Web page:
Ever since I read about a woman named Betty Tudor more than 20 years ago, I have been unable to forget her tale. Her 19-year performance deserves an Oscar in the Academy Awards of Failure.
A resident of Exeter, England, Ms. Tudor struggled to master driving an automobile.
For 19 straight years she enrolled in driver’s education, eventually completing nearly 300 separate lessons. In the course of those two decades, she burned through nine instructors, was banned from three driving schools, and handily flunked the required test for a license 11 times.
Betty’s comment after one instructor booted her for driving the wrong way around an English roundabout, and nearly taking both of their lives? “If it hadn’t been for all those cars coming in the opposite direction, honking and such, he wouldn’t have noticed anything wrong.”
We all have our failures. The most spectacular ones usually happen embarrassingly in the company of friends. A simple, two-foot putt on the green rolls past the cup.
We lose our place in speaking a wedding toast, stuttering nonsense instead. We choke multiple times while trying to parallel park, unsettled by a skeptical spouse in the passenger seat doing a poor job of holding her tongue.
Rationalizations for failure are commonplace. We speak of “broadening our experience.” Supporters refer to our “learning curve.” Kelly Clarkson sings of failure as the road to strength. “What doesn’t kill you makes you stronger, stronger …”
I have always loved the meaningless locker room line to which many coaches inevitably turn. Never mind the players who have their heads drooping after a pathetic loss. The coach knows the day in a different light.
“I’m especially proud of you fellas. Really proud! We won a moral victory this afternoon.” Who knows what a moral victory is, except, in athletic competition at least, it appears to be connected with the team that gets thoroughly clobbered.
Election night concession speeches are their own delight. “I want to thank all of you for your part in my success. We didn’t win, but we got our point across. And, we showed a heckuva lot of character.”
We celebrate failure in our day, in part because failure motivates. We actually speak of liking failure, especially when it ends up in victory. But that begs the question: Isn’t treating failure as a valuable lesson something like crossing one’s fingers under the table and hoping one will eventually succeed? In other words, do we know what to do with failure for its own sake, independent of whether we eventually succeed?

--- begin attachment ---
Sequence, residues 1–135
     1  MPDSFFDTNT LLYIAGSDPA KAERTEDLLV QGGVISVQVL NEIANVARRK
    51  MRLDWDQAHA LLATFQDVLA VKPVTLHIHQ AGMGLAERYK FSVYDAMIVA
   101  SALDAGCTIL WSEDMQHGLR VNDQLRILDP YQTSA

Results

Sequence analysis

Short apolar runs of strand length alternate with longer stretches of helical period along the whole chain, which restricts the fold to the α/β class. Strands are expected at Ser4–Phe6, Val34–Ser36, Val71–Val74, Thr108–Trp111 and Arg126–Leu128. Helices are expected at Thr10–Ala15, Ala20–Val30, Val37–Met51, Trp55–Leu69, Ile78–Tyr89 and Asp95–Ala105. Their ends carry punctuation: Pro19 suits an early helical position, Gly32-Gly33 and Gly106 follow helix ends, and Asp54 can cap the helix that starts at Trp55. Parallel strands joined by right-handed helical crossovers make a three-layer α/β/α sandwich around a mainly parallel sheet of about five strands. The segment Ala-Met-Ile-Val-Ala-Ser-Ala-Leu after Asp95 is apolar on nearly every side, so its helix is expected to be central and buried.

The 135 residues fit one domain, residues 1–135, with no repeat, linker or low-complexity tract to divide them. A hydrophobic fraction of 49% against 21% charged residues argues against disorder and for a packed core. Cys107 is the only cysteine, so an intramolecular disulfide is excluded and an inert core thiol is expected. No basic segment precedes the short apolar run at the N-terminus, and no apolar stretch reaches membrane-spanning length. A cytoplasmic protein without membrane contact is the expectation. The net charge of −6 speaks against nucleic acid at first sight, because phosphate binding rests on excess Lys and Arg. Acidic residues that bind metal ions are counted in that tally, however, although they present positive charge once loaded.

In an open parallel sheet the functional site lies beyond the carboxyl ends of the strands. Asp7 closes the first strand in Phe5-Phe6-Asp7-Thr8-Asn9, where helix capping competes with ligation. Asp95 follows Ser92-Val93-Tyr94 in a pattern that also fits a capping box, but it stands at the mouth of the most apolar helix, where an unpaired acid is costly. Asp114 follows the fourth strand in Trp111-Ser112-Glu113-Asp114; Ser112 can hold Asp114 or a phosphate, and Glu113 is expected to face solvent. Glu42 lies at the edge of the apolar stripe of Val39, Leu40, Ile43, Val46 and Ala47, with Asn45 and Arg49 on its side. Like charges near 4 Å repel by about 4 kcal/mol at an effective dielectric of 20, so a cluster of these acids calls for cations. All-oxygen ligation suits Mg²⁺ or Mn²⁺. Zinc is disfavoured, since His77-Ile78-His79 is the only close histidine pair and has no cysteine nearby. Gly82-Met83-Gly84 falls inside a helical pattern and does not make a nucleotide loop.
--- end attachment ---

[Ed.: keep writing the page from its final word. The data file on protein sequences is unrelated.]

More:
I’m not sure we do. I’m raising these matters because of this 40-day season of faith we’re in the midst of. Have you ever heard of someone failing Lent?
If one can say that life begins the moment you fail, and the moment you admit you’ve failed, then Lent is something you cannot flunk. Not if you take God with any degree of seriousness.
The only way to fail Lent would be to refuse to engage the season. Or, to forgo honesty in your prayer life. Or, to completely ignore God.
The way I see it, if you can identify with a cause that is so beautiful and so good simply because of its enduring truth, you don’t have to fear failure.
Spiritually speaking, this means you can pray with all the honesty in the world: “God, I am wrong on many fronts, and have failed you miserably in recent days. For this, I am sorry.”
We pray this way at St. Paul during Lent for one reason alone – we are confident that the truth of Jesus Christ is so good and so beautiful that the failure of him dying alone and in agony on that cross is actually LIFE.
That cross is not success. It is not a broadening experience, a learning curve, or a moral victory. No, the cross of Jesus Christ is LIFE handed to us – a life full of so much truth that we can relax into even some of our worst failures.
–Peter Marty, senior pastor